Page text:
As COVID-19 went from zero to 60 and life came to a near standstill in 2020, election officials were faced with a slew of policy changes—many temporary—coming from legislatures, governors and chief election officials. In a field where incremental change is the norm, these overnight decrees about how to manage voting at polling places and by mail were, to understate it, a challenge. A predictable response to that year’s many changes was a record number of election-related bill introductions in 2021 and ’22. (Worth noting: The number of enactments remained on par with previous years.)
What about 2023? The ideas below may be coming to a hearing room near you.
This story is part of a State Legislatures News special report examining the hot topics and legislative trends that will dominate state lawmakers’ time in 2023.
Hot Topic—Election Finance
In 2020, an infusion of philanthropic funding provided directly to local election offices rather than to state officials helped ensure that the sudden demand for absentee ballots and all the paper accoutrement associated with them (outer envelopes, inner envelopes, instructions, etc.) could be paid for and that adequate supplies of personal protective equipment were on hand. In the last two years, 21 states made it clear that elections, the foundation of our representative democracy, are a public service that must be paid for with public dollars. That raises the question, of course, of who should pay for elections? In 2023, expect to see lawmakers grappling with election financing. Ballots include local, state and federal races, but mostly, it is local jurisdictions that fund elections. Do states want to follow the money and perhaps split the tab? Would states welcome more federal financial support? Is funding adequate as is?
Hot Topic—Election Officials
While professional election officials were lauded in the aggregate for managing a presidential election during a pandemic, that election also shined a light on who, exactly, plays a role in elections. A handful of states enacted laws in 2021 codifying what happens if an election official doesn’t follow state law; this year, a different handful enacted laws adding protections for local election officials who face doxing, trolling, harassment or threats on social media or in person. In 2023, expect more of the same—and perhaps tuneups to laws regulating what poll watchers can see and do. These may be the typical partisan poll watchers who have been part of the election ecosystem for over 100 years, or they may be the less common nonpartisan election observers who aim to provide feedback for continuous improvement. Think academics and international observers.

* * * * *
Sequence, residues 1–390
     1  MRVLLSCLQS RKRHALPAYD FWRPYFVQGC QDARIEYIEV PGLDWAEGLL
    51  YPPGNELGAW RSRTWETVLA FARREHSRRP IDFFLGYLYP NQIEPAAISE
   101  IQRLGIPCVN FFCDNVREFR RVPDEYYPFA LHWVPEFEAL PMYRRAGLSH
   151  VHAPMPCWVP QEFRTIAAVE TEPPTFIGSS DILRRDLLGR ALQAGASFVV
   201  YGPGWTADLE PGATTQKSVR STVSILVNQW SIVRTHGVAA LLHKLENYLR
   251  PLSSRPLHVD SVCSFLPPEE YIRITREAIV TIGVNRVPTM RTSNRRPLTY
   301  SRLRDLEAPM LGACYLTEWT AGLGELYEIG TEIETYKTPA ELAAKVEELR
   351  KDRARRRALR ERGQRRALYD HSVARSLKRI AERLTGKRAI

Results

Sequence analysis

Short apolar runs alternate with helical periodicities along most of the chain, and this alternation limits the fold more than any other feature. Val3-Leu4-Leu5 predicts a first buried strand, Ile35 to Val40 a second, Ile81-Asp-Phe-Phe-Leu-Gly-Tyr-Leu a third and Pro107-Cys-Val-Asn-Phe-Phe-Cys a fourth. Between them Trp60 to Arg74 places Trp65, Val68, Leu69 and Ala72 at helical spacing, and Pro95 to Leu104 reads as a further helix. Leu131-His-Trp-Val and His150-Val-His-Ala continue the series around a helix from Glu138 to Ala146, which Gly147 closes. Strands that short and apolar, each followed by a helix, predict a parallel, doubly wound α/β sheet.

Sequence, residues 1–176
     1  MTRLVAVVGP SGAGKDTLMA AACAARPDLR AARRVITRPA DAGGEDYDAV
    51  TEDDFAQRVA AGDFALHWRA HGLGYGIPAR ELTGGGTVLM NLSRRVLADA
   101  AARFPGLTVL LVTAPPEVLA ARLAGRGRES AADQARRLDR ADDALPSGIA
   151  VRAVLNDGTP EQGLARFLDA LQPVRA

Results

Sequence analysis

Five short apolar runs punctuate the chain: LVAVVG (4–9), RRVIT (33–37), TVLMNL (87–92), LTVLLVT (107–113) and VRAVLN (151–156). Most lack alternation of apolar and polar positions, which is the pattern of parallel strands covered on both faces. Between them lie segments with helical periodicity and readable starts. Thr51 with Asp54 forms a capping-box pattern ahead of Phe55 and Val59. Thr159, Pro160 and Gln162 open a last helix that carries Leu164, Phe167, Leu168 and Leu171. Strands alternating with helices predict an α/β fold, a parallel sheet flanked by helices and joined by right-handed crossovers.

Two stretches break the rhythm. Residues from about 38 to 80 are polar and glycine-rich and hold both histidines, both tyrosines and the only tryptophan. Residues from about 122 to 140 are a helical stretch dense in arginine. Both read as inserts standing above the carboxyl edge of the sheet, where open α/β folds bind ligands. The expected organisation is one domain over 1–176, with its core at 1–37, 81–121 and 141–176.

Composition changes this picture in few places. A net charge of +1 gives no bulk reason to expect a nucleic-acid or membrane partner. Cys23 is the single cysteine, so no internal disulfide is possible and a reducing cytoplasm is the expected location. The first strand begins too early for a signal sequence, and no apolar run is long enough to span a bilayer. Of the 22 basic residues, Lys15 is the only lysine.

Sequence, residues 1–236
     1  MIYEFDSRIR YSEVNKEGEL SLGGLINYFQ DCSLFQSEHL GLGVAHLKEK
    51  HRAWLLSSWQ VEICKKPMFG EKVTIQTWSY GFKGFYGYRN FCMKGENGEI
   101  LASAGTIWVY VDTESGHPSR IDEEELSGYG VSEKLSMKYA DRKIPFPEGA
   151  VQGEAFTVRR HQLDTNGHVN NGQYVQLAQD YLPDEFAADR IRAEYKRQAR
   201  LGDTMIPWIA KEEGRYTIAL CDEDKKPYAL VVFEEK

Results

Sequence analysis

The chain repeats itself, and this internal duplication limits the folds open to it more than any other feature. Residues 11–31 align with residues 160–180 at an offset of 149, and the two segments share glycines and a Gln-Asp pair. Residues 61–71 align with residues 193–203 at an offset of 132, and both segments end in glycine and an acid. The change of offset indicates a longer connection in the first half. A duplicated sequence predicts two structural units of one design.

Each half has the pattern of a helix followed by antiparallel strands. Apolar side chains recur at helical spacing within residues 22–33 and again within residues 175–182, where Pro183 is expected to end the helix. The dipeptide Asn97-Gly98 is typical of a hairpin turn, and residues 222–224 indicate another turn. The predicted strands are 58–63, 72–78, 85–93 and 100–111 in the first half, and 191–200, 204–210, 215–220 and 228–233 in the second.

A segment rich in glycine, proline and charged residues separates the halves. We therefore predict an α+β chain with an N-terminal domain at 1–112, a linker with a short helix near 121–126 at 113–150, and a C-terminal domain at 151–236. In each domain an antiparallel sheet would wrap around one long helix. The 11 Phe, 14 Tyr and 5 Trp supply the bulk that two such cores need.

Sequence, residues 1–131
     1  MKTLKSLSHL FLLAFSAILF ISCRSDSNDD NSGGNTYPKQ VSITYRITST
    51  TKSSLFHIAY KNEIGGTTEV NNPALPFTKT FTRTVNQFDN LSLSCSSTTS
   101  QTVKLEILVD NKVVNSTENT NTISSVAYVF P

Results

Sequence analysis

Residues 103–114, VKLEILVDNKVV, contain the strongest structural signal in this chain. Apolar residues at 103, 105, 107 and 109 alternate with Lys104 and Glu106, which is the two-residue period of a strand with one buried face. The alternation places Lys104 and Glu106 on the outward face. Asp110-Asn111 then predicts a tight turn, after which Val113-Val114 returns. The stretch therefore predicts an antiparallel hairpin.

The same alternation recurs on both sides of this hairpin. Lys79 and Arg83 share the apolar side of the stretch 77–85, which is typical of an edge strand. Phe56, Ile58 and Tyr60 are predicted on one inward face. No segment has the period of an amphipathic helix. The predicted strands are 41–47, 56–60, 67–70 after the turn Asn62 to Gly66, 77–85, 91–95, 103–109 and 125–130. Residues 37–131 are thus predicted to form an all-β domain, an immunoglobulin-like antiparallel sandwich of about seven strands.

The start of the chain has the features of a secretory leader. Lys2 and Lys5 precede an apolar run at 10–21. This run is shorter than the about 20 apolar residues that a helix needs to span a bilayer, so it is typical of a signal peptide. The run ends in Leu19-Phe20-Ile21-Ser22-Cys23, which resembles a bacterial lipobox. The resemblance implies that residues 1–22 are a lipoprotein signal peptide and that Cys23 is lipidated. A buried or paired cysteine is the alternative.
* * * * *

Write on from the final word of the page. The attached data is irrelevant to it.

Hot Topic—Tracking Voters
Forever and a day, job one in the elections world has been identifying who can vote; that’s why voter registration was developed over 100 years ago. In the 2010s, state legislatures—tasked in Article 1, Section 4 of the U.S. Constitution with prescribing the “Times, Places and Manner of holding Elections for Senators and Representatives”—focused mostly on registration and voter ID. The legislative options are many: online voter registration, same-day registration, automated registration, voter ID requirements and exemptions, voter verification for absentee voting and more. Nationwide, one word covers all these policies: more. The number of states with each of these policies just keeps climbing. For 2023, expect still more. More bills on the use of technology to improve voter registration. More bills on maintaining voter rolls since voters rarely tell their local officials when they move away. More bills to permit data sharing within states for jury lists and prison records and with federal or intrastate data sources. And more bills fine-tuning voter ID requirements and exemptions.
The holy grail of election administration is to count each vote accurately and only once while preventing ineligible votes from being cast. Old-school approaches to accuracy include lots of list-making, process-tracking and double-checking. In recent years, states have deployed technology to ensure accuracy. GIS can assign every voter to the right precinct and district more accurately than list-based systems. Improving voter-facing communications from election officials means voters don’t have to rely on the sometimes imprecise information coming from their Instagram feeds. Revisiting state certification standards for voting equipment and making it a crime to tamper with election equipment add safeguards. Investing in cybersecurity reduces the risk of interference. And considering statutorily defined post-election audits may quell worries.
For more information, see these NCSL elections and redistricting resources: